• Clarifies provisions regarding a caregiver’s requirement to maintain confidentiality of any information provided under s. 39.4087, F.S.

DCF Duties

The bill modifies the DCF’s duties as follows:

  • Amends the DCF’s duties to collect and post information regarding the managing entities’ and lead agencies’ compensation and other financial information;

  • Requires the DCF to work with all stakeholders to help children in out-of-home care become knowledgeable about their rights, including providing certain information in specified timeframes;

  • Requires the DCF to conduct a multi-year review of specified financial information of lead agencies and develop a plan to ensure financial viability of such entities;

  • Requires the DCF to make available training for caregivers developed in collaboration with certain agencies on the life skills necessary for children in out-of-home care;

  • Increases the capacity of children that can be placed in a licensed foster home without an additional assessment to align with current federal law and provides the DCF with the ability to adopt rules to establish requirements for requesting a Title IV-E waiver for over-capacity; and

  • Requires the DCF and animal welfare associations to develop or adopt and use already available training materials to provide a 1-hour training to all child protective investigators and animal control officers on cross-reporting awareness and requirements.

Lead Agencies’ and Managing Entities’ Duties

Lead agencies and managing entities must comply with the following requirements:

  • Requires board members or officers of a managing entity or lead agency, or their relatives, to disclose specified activity that may reasonably be construed as a conflict of interest, and provides procedures to follow to address such conflict;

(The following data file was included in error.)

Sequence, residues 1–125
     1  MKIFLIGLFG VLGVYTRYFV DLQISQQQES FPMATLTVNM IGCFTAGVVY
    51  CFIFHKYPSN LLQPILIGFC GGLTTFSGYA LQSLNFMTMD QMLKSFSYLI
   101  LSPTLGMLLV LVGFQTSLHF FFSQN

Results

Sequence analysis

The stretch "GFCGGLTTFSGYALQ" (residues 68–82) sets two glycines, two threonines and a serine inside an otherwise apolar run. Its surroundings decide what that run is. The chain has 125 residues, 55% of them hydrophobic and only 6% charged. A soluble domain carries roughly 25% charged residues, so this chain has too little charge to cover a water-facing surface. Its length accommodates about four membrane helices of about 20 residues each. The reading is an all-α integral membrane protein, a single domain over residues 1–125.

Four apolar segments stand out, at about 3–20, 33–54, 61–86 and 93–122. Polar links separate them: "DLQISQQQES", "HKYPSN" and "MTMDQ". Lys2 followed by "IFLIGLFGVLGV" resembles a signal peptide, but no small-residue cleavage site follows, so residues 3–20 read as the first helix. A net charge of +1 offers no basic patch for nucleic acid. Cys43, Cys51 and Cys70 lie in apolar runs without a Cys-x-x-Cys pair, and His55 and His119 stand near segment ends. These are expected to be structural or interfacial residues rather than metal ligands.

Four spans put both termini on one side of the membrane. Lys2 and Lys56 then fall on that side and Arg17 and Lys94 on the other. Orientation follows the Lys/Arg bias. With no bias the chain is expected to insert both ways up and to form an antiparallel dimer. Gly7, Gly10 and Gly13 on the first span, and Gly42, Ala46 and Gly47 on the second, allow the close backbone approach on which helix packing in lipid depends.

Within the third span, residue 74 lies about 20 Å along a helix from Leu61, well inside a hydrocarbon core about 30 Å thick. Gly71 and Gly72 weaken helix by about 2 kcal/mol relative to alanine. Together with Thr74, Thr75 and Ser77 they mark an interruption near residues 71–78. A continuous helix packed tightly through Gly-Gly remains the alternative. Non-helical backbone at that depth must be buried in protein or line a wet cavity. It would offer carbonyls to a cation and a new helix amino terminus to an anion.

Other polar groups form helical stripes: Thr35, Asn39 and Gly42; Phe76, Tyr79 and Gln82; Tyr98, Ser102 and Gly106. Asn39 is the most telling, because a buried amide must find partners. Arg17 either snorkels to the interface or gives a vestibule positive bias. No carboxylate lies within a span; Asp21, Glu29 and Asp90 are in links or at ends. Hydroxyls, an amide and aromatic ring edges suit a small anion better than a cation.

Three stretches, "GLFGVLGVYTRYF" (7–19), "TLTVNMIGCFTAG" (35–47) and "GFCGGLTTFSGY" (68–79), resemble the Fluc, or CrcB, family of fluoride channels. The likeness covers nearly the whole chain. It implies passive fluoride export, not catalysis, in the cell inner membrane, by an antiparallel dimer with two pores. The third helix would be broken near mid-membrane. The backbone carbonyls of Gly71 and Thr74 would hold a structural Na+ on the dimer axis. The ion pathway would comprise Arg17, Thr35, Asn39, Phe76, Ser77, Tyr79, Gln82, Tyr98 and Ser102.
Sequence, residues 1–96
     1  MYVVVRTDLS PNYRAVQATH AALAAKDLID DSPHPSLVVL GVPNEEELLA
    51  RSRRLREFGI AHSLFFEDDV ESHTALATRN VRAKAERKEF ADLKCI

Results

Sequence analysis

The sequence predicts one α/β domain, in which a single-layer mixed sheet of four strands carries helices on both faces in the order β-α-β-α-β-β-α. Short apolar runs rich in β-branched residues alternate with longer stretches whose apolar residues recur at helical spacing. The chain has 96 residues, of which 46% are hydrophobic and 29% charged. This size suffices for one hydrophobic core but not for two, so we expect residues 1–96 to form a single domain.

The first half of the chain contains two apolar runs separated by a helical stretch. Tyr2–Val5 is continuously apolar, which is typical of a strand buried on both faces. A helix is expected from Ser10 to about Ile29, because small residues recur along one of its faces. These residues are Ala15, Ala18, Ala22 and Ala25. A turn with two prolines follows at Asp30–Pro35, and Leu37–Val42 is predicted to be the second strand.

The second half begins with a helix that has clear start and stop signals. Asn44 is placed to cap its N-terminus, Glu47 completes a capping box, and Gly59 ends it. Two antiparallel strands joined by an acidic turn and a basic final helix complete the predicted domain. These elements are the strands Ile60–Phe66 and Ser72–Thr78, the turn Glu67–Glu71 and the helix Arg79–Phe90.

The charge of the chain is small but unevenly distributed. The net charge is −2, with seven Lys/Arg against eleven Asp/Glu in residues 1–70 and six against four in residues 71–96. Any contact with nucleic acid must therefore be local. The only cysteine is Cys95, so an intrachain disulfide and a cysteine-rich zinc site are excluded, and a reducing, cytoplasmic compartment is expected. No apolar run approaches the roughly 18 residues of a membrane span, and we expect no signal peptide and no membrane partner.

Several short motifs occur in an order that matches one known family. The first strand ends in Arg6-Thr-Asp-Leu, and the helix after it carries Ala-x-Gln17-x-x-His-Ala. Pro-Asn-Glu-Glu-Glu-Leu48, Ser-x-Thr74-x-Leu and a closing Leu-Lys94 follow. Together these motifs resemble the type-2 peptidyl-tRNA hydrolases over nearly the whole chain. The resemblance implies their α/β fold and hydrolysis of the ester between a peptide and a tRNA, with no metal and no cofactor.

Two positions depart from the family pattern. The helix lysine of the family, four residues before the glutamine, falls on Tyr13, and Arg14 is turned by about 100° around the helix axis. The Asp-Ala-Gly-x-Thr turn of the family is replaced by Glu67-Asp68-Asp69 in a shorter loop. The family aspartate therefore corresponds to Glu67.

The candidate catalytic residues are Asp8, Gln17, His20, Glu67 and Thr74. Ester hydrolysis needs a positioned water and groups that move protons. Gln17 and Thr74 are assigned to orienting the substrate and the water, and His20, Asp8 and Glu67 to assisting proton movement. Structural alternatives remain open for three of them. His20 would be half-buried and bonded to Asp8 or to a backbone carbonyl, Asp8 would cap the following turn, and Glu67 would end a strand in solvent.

• Modifies the information that lead agencies must post on their websites;

  • Requires a statement on promotional and other literature which states the lead agency is contracted with the DCF;

  • Requires through their contracts with the DCF that the lead agencies demonstrate the ability to adhere to best child welfare practices enumerated in chs. 39 and 409, F.S., and provide information on their adherence to such best practices; and

  • Requires lead agencies to fund the cost of increased care in certain circumstances.

Programs and Services for Children and Families in the Child Welfare System

The bill expands existing programs and creates the following new programs to improve outcomes:

  • Requires, rather than authorizes, the DCF, contracted sheriffs’ offices, and lead agencies to develop a formal family-finding program;

  • Requires, rather than authorizes, each lead agency to establish a kinship navigator program;

  • Creates the Foster Information Center to serve current and potential foster parents and provide additional resources to foster parent and kinship caregivers;

  • Authorizes and encourages district school boards to establish educational programs for students relating to certain information about identifying abuse, abandonment, or neglect; and

  • Authorizes each Office of Criminal Conflict and Civil Regional Council (OCCCRC) to establish a multidisciplinary legal representation program for parents in the dependency system with specified duties and reporting requirements.

Commission on Mental Health and Substance Abuse

The bill creates a Commission on Mental Health and Substance Abuse adjunct to the DCF to examine the current methods of providing such services in Florida and providing for its composition, duties, and reporting requirements.

Repealed Provisions

The following statutes have been repealed and the provision deleted:

  • Repeals ss. 409.1453 and 409.1753, F.S., relating to design and dissemination of training for foster care caregivers and foster care duties, respectively, as such provisions were relocated to other sections; and

  • Eliminates an obsolete provision that requires the Florida Institute for Child Welfare to evaluate the Guardianship Assistance Program.

If approved by the Governor, these provisions take effect July 1, 2021, except as otherwise provided.


Vote: Senate 39-0; House 116-0